Literacy, Economy, and Power: Writing and Research after Literacy in American Lives

Literacy, Economy, and Power: Writing and Research after Literacy in American Lives

By: Nelson Graff (editor), John Duffy (editor), Bryan Trabold (editor), Rebecca S. Nowacek (editor), Julie Nelson Christoph (editor), Eli Goldblatt (editor)Paperback

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Following on the groundbreaking contributions of Deborah Brandt's Literacy in American Lives-a literacy ethnography exploring how ordinary Americans have been affected by changes in literacy, public education, and structures of power-Literacy, Economy, and Power expands Brandt's vision, exploring the relevance of her theoretical framework as it relates to literacy practices in a variety of current and historical contexts, as well as in literacy's expanding and global future. Bringing together scholars from rhetoric, composition, and literacy studies, the book offers thirteen engrossing essays that extend and challenge Brandt's commentary on the dynamics between literacy and power.The essays cover many topics, including the editor of the first Native American newspaper, the role of a native Hawaiian in bringing literacy to his home islands, the influence of convents and academies on nineteenth-century literacy, and the future of globalized digital literacies. Contributors include Julie Nelson Christoph, Ellen Cushman, Kim Donehower, Anne Ruggles Gere, Eli Goldblatt, Harvey J. Graff, Gail E. Hawisher, Bruce Horner, David A. Jolliffe, Rhea Estelle Lathan, Min-Zhan Lu, Robyn Lyons-Robinson, Carol Mattingly, Beverly J. Moss, Paul Prior, Cynthia L. Selfe, Michael W. Smith, and Morris Young. Literacy, Economy, and Power also features an introduction exploring the scholarly impact of Brandt's work, written by editors John Duffy, Julie Nelson Christoph, Eli Goldblatt, Nelson Graff, Rebecca Nowacek, and Bryan Trabold. An invaluable tool for literacy studies at the graduate or professional level, Literacy, Economy, and Power provides readers with a wide-ranging view of the work being done in literacy studies today and points to ways researchers might approach the study of literacy in the future.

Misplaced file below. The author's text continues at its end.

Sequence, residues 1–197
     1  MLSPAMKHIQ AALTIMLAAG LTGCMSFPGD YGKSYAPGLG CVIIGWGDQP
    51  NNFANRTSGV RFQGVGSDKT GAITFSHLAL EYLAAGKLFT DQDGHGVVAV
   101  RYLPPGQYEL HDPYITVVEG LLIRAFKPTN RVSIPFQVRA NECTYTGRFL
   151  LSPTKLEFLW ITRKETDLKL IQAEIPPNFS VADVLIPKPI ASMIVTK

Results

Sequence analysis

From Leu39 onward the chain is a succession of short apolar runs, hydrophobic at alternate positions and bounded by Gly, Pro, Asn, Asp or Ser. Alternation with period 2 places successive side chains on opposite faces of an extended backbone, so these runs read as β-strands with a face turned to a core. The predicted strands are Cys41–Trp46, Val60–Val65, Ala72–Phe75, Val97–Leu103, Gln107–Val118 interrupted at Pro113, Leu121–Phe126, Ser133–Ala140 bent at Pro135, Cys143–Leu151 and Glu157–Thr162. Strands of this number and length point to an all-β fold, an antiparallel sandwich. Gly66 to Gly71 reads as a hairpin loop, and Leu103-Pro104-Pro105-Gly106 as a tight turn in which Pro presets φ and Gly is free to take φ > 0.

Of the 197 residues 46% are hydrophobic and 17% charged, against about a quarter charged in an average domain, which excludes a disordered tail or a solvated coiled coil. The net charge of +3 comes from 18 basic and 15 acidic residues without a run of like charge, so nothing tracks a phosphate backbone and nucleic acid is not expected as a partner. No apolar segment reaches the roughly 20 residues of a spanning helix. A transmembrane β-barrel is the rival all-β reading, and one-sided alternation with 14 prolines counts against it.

About Author

John Duffy is an associate professor of English and the Joseph Morahan Director of the College Seminar at the University of Notre Dame. He studies literacy and rhetoric in minority communities and has published essays in College Composition and Communication, Written Communication, and elsewhere. His book, Writing from These Roots: The Historical Development of Literacy in a Hmong American Community won the 2009 College Composition and Communication Book of the Year Award.Julie Nelson Christoph is an associate professor of English at the University of Puget Sound. She has published work on ethos and on literacy and culture in College English, Research in the Teaching of English, and Written Communication. Her article in this collection grows out of research conducted during a year-long Fulbright Fellowship in Tanzania.Eli Goldblatt is a professor of English at Temple University. His 2007 Hampton Press book, Because We Live Here: Sponsoring Literacy Beyond the College Curriculum, won the Best Book award from the Council of Writing Program Administrators. Goldblatt is the author of Writing Home: A Literacy Autobiography (SIU Press, 2012). He directs a university-wide initiative called the Community Learning Network, and has published three books of poetry and two books for children.Nelson Graff is an assistant professor of English at San Francisco State University. He has published on secondary teaching and literacy teaching strategies in English Journal, Journal of Adolescent and Adult Literacy, and Educational Research.Rebecca S. Nowacek is an associate professor of English at Marquette University. Her research focuses on academic literacy and has appeared in College Composition and Communication, College English, JGE: The Journal of General Education, and Research in the Teaching of English.Bryan Trabold is an associate professor of English at Suffolk University. He has published on the strategies of resistance used by South African antiapartheid journalists in College English and also has an article forthcoming in College Composition and Communication.

Product Details

  • ISBN13: 9780809333028
  • Format: Paperback
  • Number Of Pages: 272
  • ID: 9780809333028
  • ISBN10: 0809333023

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